Gas-generator cycle (rocket) – is a power cycle of a pumped liquid bipropellant rocketengine. Part of the unburned propellant is burned in a gas generator (or preburner) and the resulting hot gas is used to power the propellant pumps before being exhausted overboard, and lost. Because of this loss, this type of engine is termed open cycle.
Geosynchronous orbit – (sometimes abbreviated GSO) is an Earth-centered orbit with an orbital period that matches Earth's rotation on its axis, 23 hours, 56 minutes, and 4 seconds (one sidereal day). The synchronization of rotation and orbital period means that, for an observer on Earth's surface, an object in geosynchronous orbit returns to exactly the same position in the sky after a period of one sidereal day. Over the course of a day, the object's position in the sky may remain still or trace out a path, typically in a figure-8 form, whose precise characteristics depend on the orbit's inclination and eccentricity. A circular geosynchronous orbit has a constant altitude of 35,786 km (22,236 mi), and all geosynchronous orbits share that semi-major axis. A special case of geosynchronous orbit is the geostationary orbit, which is a circular geosynchronous orbit in Earth's equatorial plane. A satellite in a geostationary orbit remains in the same position in the sky to observers on the surface.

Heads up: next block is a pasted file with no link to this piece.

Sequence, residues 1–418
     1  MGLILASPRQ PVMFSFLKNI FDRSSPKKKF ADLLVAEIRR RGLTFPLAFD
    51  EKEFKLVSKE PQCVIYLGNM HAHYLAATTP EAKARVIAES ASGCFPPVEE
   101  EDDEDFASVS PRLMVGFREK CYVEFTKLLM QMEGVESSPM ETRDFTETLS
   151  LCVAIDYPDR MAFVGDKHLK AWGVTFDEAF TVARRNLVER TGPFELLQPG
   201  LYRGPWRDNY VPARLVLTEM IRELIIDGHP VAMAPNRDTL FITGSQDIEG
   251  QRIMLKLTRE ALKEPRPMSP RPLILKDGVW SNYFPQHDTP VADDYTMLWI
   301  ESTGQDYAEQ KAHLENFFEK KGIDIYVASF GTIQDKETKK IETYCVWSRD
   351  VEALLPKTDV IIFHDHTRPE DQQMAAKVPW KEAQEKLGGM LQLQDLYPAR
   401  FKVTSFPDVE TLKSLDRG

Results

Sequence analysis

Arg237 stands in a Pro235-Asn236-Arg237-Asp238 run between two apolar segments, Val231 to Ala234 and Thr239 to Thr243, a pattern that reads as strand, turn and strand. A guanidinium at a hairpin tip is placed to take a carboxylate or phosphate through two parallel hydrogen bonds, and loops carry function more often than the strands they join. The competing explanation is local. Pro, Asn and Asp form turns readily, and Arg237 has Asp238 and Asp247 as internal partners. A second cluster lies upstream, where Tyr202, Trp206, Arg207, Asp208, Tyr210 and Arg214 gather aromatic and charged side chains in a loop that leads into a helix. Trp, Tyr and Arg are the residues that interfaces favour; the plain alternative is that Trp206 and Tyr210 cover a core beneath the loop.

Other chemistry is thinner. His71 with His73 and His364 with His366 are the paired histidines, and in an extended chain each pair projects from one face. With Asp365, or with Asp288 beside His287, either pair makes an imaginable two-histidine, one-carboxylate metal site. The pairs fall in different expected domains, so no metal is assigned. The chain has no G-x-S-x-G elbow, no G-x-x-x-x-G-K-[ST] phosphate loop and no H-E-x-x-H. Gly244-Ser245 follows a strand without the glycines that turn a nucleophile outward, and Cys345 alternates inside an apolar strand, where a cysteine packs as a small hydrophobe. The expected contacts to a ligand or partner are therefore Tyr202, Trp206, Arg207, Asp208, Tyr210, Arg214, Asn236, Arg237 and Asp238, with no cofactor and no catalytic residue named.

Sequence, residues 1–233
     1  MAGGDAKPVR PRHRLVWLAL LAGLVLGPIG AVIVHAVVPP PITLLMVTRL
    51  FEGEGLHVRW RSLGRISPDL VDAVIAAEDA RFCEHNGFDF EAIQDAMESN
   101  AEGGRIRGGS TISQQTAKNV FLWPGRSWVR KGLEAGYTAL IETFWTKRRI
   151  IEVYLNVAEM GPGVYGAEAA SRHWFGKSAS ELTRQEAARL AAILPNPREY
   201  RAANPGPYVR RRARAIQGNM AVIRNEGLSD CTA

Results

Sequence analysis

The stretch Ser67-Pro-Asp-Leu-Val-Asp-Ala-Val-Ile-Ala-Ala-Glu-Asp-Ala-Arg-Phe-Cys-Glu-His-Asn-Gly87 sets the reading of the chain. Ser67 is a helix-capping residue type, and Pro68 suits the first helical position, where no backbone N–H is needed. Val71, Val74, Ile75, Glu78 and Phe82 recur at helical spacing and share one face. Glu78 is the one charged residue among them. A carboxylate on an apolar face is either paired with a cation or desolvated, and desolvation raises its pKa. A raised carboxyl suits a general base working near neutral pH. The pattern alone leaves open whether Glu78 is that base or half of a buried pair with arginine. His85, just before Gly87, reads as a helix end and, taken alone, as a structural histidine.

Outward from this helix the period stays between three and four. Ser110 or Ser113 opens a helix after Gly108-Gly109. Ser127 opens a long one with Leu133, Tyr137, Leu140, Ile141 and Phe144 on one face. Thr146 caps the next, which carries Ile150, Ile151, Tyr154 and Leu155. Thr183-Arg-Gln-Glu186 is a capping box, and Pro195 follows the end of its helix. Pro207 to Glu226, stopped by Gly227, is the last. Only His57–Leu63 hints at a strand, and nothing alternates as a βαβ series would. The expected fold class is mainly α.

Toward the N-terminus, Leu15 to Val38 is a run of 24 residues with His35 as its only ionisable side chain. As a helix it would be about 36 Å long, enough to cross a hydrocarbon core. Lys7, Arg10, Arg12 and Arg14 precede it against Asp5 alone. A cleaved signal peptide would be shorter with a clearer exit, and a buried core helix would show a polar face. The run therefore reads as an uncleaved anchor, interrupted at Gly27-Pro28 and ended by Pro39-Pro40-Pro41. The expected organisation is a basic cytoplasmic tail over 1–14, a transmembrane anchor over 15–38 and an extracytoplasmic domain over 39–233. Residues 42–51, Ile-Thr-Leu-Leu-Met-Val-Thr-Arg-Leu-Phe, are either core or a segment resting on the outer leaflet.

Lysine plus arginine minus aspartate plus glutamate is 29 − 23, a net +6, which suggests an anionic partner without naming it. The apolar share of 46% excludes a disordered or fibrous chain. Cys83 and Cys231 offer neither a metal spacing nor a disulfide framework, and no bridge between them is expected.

Glide ratio – As the aircraft fuselage and control surfaces will also add drag and possibly some lift, it is fair to consider the lift-to-drag ratio (or L/D ratio) of the aircraft as a whole. As it turns out, the glide ratio, which is the ratio of an (unpowered) aircraft's forward motion to its descent, is (when flown at constant speed) numerically equal to the aircraft's L/D. This is especially of interest in the design and operation of high performance sailplanes, which can have glide ratios almost 60 to 1 (60 units of distance forward for each unit of descent) in the best cases, but with 30:1 being considered good performance for general recreational use. Achieving a glider's best L/D in practice requires precise control of airspeed and smooth and restrained operation of the controls to reduce drag from deflected control surfaces. In zero wind conditions, L/D will equal distance traveled divided by altitude lost. Achieving the maximum distance for altitude lost in wind conditions requires further modification of the best airspeed, as does alternating cruising and thermaling. To achieve high speed across country, glider pilots anticipating strong thermals often load their gliders (sailplanes) with water ballast: the increased wing loading means optimum glide ratio at greater airspeed, but at the cost of climbing more slowly in thermals. The maximum L/D is not dependent on weight or wing loading, but with greater wing loading the maximum L/D occurs at a faster airspeed. Also, the faster airspeed means the aircraft will fly at greater Reynolds number and this will usually bring about a lower zero-lift drag coefficient.